Claire Bove, Carnegie Scholar - CASTL K-12 Program, Carnegie Foundation

Back to introduction

Community

Science is about understanding the physical world. Understanding has a lot to do with how a person feels about herself or himself, and about the nature of the interactions she or he has with other people.

Science concepts, observations, analysis, tools, equations and representations are important parts of science education. Equally important are the emotional, social and intellectual aspects of the classroom environment. Learning and understanding take place in the context of the classroom community.

I believe that before a student will allow himself or herself to participate in a classroom community, the student needs to feel safe and cared for: a human being first and a student second. It is a risk for a student to open up enough to participate. This is true for all students, but school is more foreign for some students than for others. The assumptions of education, and particularly of science education, are unfamiliar to many of our students. I think that for African American and Latino students, participating is a bigger risk than for many other students.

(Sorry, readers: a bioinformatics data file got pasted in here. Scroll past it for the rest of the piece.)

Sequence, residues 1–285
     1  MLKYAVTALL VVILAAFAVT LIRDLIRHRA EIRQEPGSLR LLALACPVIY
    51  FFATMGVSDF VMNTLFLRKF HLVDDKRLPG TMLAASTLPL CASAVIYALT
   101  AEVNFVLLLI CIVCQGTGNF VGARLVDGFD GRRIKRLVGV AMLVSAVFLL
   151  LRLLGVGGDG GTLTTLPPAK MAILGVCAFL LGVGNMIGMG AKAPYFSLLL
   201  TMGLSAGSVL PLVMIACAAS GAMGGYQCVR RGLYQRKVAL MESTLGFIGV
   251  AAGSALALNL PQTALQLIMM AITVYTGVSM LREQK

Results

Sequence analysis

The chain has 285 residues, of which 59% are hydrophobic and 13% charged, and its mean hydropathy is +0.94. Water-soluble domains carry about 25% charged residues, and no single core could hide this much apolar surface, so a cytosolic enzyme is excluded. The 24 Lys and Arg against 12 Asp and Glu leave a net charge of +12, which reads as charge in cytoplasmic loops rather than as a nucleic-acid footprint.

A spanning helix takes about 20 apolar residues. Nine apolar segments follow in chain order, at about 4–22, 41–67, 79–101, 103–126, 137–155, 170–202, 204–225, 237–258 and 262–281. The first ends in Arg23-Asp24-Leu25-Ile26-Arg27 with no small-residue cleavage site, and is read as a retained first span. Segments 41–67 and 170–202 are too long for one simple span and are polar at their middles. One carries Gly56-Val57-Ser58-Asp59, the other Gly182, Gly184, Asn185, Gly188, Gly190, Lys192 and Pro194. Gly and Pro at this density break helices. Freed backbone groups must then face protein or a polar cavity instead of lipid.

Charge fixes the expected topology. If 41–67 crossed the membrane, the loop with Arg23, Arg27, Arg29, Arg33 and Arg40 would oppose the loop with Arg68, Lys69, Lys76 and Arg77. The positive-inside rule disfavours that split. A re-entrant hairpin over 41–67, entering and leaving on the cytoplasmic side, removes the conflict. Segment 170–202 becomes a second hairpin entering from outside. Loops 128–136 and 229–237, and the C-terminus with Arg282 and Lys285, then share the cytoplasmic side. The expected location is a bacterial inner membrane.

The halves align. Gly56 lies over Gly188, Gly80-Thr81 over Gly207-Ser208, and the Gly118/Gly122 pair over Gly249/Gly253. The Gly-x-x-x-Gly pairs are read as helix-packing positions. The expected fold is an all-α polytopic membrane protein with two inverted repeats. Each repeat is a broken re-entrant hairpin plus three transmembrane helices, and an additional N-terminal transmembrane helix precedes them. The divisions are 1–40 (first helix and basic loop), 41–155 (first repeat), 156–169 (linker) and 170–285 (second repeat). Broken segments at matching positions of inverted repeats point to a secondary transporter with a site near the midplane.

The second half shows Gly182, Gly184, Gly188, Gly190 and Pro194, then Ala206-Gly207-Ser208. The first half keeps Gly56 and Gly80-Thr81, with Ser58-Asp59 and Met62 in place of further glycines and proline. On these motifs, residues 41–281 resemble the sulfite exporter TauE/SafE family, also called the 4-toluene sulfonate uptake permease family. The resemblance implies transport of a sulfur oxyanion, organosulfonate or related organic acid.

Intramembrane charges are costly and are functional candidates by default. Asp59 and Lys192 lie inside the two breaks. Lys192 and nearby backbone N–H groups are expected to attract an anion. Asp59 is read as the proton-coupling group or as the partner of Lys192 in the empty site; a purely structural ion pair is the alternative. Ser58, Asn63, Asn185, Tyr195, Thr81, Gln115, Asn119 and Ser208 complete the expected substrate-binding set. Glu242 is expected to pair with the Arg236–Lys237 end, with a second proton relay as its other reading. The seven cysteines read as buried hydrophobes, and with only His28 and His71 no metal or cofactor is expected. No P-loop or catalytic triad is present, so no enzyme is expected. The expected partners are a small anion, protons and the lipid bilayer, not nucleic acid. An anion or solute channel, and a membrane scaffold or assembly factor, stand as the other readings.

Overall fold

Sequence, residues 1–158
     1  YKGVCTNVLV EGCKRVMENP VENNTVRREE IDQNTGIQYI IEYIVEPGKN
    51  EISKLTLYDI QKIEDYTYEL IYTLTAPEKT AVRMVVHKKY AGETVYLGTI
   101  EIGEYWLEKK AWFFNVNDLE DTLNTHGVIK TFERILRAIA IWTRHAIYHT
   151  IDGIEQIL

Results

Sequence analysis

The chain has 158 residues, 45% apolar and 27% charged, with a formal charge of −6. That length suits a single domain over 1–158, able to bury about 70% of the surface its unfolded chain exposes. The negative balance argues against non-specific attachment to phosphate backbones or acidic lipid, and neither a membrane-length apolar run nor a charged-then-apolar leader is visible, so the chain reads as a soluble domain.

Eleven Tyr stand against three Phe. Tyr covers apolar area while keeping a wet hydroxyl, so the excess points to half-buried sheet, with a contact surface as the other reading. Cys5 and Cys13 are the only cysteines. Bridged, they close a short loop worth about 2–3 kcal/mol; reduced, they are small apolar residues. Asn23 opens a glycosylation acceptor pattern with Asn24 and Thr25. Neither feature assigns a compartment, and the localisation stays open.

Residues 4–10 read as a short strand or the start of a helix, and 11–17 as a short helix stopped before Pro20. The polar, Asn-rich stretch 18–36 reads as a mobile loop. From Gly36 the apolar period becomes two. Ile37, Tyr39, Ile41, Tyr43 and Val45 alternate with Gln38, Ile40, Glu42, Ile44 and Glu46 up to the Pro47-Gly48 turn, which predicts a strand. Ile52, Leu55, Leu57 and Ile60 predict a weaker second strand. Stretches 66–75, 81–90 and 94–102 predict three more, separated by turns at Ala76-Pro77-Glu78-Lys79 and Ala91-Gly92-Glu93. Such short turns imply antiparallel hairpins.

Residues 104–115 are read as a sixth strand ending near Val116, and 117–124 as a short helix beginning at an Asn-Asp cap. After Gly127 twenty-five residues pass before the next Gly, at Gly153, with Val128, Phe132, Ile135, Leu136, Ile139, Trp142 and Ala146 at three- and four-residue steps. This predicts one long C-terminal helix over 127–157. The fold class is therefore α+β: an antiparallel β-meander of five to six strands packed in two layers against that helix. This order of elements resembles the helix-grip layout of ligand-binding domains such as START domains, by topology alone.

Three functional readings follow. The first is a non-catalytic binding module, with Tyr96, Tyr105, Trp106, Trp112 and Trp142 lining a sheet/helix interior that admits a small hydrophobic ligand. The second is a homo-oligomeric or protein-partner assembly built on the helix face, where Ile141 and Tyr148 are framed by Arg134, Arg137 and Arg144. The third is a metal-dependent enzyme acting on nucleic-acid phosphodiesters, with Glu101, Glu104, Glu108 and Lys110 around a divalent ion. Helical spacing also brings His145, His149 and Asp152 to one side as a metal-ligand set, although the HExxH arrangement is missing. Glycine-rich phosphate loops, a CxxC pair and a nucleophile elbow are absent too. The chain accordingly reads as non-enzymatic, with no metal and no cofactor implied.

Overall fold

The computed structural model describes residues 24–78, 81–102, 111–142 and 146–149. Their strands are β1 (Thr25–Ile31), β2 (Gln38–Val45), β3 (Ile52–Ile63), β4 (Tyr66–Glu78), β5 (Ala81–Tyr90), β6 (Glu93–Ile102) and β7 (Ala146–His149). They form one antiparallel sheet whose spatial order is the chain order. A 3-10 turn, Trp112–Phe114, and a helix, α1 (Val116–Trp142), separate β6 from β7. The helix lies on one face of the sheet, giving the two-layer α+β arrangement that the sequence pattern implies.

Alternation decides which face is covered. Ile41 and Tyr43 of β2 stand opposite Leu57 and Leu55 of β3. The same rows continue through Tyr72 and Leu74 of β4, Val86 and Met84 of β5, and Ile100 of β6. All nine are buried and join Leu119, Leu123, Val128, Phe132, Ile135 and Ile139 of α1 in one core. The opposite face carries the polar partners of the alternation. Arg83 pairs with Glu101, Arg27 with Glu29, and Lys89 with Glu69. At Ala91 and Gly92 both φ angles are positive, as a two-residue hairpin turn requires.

In a traditional secondary school setting there are some special problems in trying to establish a supportive community environment. Typically, a science teacher in a secondary school teaches five classes or 30 or more students. The school may have 1000 or more students. And the social interactions outside the classroom, in the schoolyard, in the patio, in the hallway can sometimes be painful.

How can a student feel like a valued individual? How can she or he feel safe enough to learn? What can a teacher do to help a student feel valued and safe?

To answer these questions, I have been developing a practice of building community in the classroom. One of the strategies I have been using to support this practice is to write individual letters to students. Another strategy is to have small groups of students to lunch so that we can get to know each other better. Click below to read more.

Back to introduction